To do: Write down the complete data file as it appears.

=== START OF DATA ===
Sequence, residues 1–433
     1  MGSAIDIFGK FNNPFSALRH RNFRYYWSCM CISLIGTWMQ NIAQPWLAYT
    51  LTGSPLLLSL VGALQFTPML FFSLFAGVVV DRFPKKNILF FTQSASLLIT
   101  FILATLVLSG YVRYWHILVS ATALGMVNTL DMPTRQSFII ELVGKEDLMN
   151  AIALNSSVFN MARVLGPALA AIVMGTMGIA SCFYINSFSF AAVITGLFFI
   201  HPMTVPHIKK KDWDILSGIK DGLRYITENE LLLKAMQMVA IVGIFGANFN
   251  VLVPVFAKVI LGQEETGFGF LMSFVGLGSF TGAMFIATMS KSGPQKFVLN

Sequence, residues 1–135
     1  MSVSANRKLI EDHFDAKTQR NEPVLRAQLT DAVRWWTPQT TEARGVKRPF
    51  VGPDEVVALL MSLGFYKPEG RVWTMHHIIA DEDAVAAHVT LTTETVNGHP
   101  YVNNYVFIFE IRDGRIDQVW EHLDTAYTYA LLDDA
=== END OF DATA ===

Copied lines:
Sequence, residues 1–433
     1  MGSAIDIFGK FNNPFSALRH RNFRYYWSCM CISLIGTWMQ NIAQPWLAYT
    51  LTGSPLLLSL VGALQFTPML FFSLFAGVVV DRFPKKNILF FTQSASLLIT
   101  FILATLVLSG YVRYWHILVS ATALGMVNTL DMPTRQSFII ELVGKEDLMN
   151  AIALNSSVFN MARVLGPALA AIVMGTMGIA SCFYINSFSF AAVITGLFFI
   201  HPMTVPHIKK KDWDILSGIK DGLRYITENE LLLKAMQMVA IVGIFGANFN
   251  VLVPVFAKVI LGQEETGFGF LMSFVGLGSF TGAMFIATMS KSGPQKFVLN

Sequence, residues 1–135
     1  MSVSANRKLI EDHFDAKTQR NEPVLRAQLT DAVRWWTPQT TEARGVKRPF
    51  VGPDEVVALL MSLGFYKPEG RVWTMHHIIA DEDAVAAHVT LTTETVNGHP
   101  YVNNYVFIFE IRDGRIDQVW EHLDTAYTYA LLDDA